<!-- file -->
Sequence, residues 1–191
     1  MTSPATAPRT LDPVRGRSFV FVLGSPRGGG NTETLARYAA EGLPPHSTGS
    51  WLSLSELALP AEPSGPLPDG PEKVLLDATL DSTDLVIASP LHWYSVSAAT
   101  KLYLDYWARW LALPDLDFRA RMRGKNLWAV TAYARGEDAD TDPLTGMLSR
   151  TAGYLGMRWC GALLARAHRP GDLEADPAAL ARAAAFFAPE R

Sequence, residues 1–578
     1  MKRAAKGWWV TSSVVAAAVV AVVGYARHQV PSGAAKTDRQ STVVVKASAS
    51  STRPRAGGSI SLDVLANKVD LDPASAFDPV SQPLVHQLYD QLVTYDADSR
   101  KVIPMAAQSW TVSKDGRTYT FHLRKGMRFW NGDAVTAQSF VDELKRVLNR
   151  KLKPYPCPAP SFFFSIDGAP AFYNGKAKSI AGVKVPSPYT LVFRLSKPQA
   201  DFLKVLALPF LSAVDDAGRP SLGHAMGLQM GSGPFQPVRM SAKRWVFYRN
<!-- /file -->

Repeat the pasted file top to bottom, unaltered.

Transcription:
Sequence, residues 1–191
     1  MTSPATAPRT LDPVRGRSFV FVLGSPRGGG NTETLARYAA EGLPPHSTGS
    51  WLSLSELALP AEPSGPLPDG PEKVLLDATL DSTDLVIASP LHWYSVSAAT
   101  KLYLDYWARW LALPDLDFRA RMRGKNLWAV TAYARGEDAD TDPLTGMLSR
   151  TAGYLGMRWC GALLARAHRP GDLEADPAAL ARAAAFFAPE R

Sequence, residues 1–578
     1  MKRAAKGWWV TSSVVAAAVV AVVGYARHQV PSGAAKTDRQ STVVVKASAS
    51  STRPRAGGSI SLDVLANKVD LDPASAFDPV SQPLVHQLYD QLVTYDADSR
   101  KVIPMAAQSW TVSKDGRTYT FHLRKGMRFW NGDAVTAQSF VDELKRVLNR
   151  KLKPYPCPAP SFFFSIDGAP AFYNGKAKSI AGVKVPSPYT LVFRLSKPQA
   201  DFLKVLALPF LSAVDDAGRP SLGHAMGLQM GSGPFQPVRM SAKRWVFYRN